Commitment to Outreach and Education
Silicon Harlem, a COSMOS partner, is an organization dedicated to transforming Harlem into a technology and innovation hub and has established a growing tech ecosystem in Upper Manhattan. The goal of Silicon Harlem is to develop an accessible broadband infrastructure, reproducible in urban markets that is affordable, fast, resilient, and smart and supports inclusive opportunities in STEM education. The organization operates as one of the interfaces between the COSMOS partners and the local community, aiming to integrate the testbed elements within the community and various smart city programs. “We’ve partnered with Silicon Harlem from day one,” shares Seskar. “We wanted to broaden our reach and make sure the larger community could benefit from this project. The focus was to develop educational materials and bring wireless research to the community lab.” 

Through the partnership with Silicon Harlem, the consortium created the COSMOS Education Toolkit, a curriculum that blends the three disciplines of mathematics, science, and computer science and helps prepare students to be competitive in the workforce. Made up of seventy-five math labs, thirty-five science labs, and fifteen computer science labs, the toolkit offers lesson plans and worksheets for grades K-12 in a variety of subjects within each discipline. “In developing this toolkit, we recruited teachers from local high schools and middle schools to use our advanced wireless testbeds,” explains Seskar. “We received fabulous ideas from these educators and they helped transform the testbed-generated research into an innovative learning platform for students.”

Students are able to learn basic, as well as advanced STEM concepts, through running experiments either locally or on the COSMOS testbed. Especially for schools lacking resources, the COSMOS toolkit enables remote access for a larger number of students and provides hands-on learning that can help prepare learners for a successful future in STEM. “We have also expanded the program to include college students, called the Research Experience for Undergraduates (REU), and the program for local teachers, called the Research Experiences for Teachers (RET)” says Seskar. “REU allows students to participate in creative activities, including escape rooms and 5G EdTech challenges from Verizon. The summer program exposes students to research early in their academic careers and connects them with faculty—encouraging them to explore advanced degree options. Similarly, the RET program allows teachers to develop interesting experiments for their STEM curriculums.”

Improving Testbed Performance
The COSMOS platform’s technical architecture is designed to meet both quantitative and qualitative requirements associated with a fully programmable city-scale shared multiuser advanced wireless testbed facility. Radio nodes in COSMOS provide a mix of fully programmable SDRs for flexible wireless experimentation, as well as commercial hardware capable of supporting networking and applications research with currently available end-user devices.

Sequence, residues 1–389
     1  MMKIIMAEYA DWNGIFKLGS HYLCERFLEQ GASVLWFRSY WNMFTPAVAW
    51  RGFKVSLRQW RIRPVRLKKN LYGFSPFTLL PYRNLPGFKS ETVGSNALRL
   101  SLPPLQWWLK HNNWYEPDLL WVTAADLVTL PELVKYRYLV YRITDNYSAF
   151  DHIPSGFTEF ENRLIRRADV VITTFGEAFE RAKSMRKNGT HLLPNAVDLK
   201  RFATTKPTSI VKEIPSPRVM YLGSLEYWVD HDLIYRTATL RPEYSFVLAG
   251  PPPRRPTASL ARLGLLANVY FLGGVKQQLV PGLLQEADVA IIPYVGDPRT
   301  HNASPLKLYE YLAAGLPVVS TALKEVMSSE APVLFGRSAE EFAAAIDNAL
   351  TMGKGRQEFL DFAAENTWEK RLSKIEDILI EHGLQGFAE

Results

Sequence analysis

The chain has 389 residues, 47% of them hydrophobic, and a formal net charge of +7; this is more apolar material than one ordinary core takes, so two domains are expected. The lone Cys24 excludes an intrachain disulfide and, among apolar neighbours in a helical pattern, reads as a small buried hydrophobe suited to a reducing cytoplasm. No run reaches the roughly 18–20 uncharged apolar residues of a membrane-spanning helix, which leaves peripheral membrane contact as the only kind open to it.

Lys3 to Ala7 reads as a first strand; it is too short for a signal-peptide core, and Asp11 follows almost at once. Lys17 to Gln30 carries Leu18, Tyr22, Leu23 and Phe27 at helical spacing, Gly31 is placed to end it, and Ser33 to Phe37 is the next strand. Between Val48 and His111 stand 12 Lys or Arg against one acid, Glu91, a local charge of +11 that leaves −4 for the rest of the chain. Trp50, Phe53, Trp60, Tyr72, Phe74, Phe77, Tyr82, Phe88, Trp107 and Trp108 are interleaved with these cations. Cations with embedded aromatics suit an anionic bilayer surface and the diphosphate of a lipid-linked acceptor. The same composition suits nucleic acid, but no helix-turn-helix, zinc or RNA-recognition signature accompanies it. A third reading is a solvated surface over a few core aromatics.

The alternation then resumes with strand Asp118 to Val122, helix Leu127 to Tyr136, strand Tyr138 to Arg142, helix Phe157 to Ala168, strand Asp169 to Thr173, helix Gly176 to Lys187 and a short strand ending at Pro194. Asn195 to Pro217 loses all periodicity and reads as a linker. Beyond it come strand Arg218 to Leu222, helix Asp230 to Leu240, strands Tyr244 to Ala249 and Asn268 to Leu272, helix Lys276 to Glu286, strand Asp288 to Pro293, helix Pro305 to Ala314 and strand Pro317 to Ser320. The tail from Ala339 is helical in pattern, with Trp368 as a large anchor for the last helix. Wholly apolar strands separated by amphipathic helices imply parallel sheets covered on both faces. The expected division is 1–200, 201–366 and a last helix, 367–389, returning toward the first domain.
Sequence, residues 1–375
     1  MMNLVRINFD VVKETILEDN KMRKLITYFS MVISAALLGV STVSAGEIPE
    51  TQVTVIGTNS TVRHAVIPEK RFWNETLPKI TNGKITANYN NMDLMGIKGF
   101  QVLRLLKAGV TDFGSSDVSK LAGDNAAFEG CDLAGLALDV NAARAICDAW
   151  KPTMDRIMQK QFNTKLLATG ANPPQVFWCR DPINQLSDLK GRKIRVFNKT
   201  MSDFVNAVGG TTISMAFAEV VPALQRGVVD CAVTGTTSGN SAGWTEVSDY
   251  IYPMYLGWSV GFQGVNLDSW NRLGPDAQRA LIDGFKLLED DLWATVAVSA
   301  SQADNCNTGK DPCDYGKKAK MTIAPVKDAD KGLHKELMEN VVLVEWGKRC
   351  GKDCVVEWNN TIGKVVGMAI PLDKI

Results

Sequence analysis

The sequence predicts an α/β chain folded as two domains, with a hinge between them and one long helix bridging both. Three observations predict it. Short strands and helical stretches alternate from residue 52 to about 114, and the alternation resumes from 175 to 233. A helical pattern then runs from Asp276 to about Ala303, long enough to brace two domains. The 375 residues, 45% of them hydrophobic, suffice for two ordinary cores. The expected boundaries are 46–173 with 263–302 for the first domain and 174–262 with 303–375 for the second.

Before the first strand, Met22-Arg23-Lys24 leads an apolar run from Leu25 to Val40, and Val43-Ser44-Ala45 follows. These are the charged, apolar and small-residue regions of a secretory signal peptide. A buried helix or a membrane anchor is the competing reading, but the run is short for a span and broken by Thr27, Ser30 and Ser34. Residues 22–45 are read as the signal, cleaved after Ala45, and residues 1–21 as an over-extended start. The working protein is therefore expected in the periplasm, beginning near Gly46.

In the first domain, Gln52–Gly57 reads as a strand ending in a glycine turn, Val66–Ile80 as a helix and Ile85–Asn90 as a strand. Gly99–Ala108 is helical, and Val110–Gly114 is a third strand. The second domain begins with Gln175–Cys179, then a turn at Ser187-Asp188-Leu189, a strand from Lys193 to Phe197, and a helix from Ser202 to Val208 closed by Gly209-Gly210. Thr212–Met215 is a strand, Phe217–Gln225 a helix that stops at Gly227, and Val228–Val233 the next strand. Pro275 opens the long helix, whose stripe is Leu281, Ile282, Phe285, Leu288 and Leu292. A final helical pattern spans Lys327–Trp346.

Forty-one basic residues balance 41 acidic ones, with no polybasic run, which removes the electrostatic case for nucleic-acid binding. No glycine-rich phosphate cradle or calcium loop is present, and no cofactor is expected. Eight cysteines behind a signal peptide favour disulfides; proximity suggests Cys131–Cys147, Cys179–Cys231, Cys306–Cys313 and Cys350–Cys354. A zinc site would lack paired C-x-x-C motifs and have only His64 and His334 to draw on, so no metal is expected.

One of the main goals of the COSMOS testbed is to take advantage of the educational and research experience of its academic and industry partners, like Edge, and transform the testbed-generated research into an innovative learning platform for students. “At the moment, we have campuses that are connecting over public internet, but we are trying to get dedicated secure connections between these institutions in order to improve testbed performance,” explains Seskar. “With a goal of getting a hundred gigabyte per second link to the 32 Avenue of the Americas (ALA) in New York City, we are currently deploying equipment at this point of presence. This connection will help open doors to mega research fiber points, international collaborations, and give us permanent connectivity to our COSMOS counterparts in Japan, Europe, and Brazil. Also, as members of FABRIC, we plan to have our node by the end of this year or early next year; helping to tie all of this together and further advance our project’s vision.” 

One of the main goals of the COSMOS testbed is to take advantage of the educational and research experience of its academic and industry partners, like Edge, and transform the testbed-generated research into an innovative learning platform for students.

— Ivan Seskar

Deployment Plan

The COSMOS testbed will cover one square mile in West Harlem, with City College to the north, Columbia University’s Morningside Heights campus to the south, the Hudson River to the west, and Apollo Theater to the east. The envisioned deployment (composed of 3 stages outlined in the figure below) will include the following:

  • 9 Large Sites
  • 40 Medium sites
  • Fiber optic connection from most sites
  • 200 Small nodes ~Including vehicular and hand-held
  • Fiber connection to NYU Data Center, Rutgers, GENI/I2
  • Interaction with smart community & innovation initiatives (Gigabit center, etc.)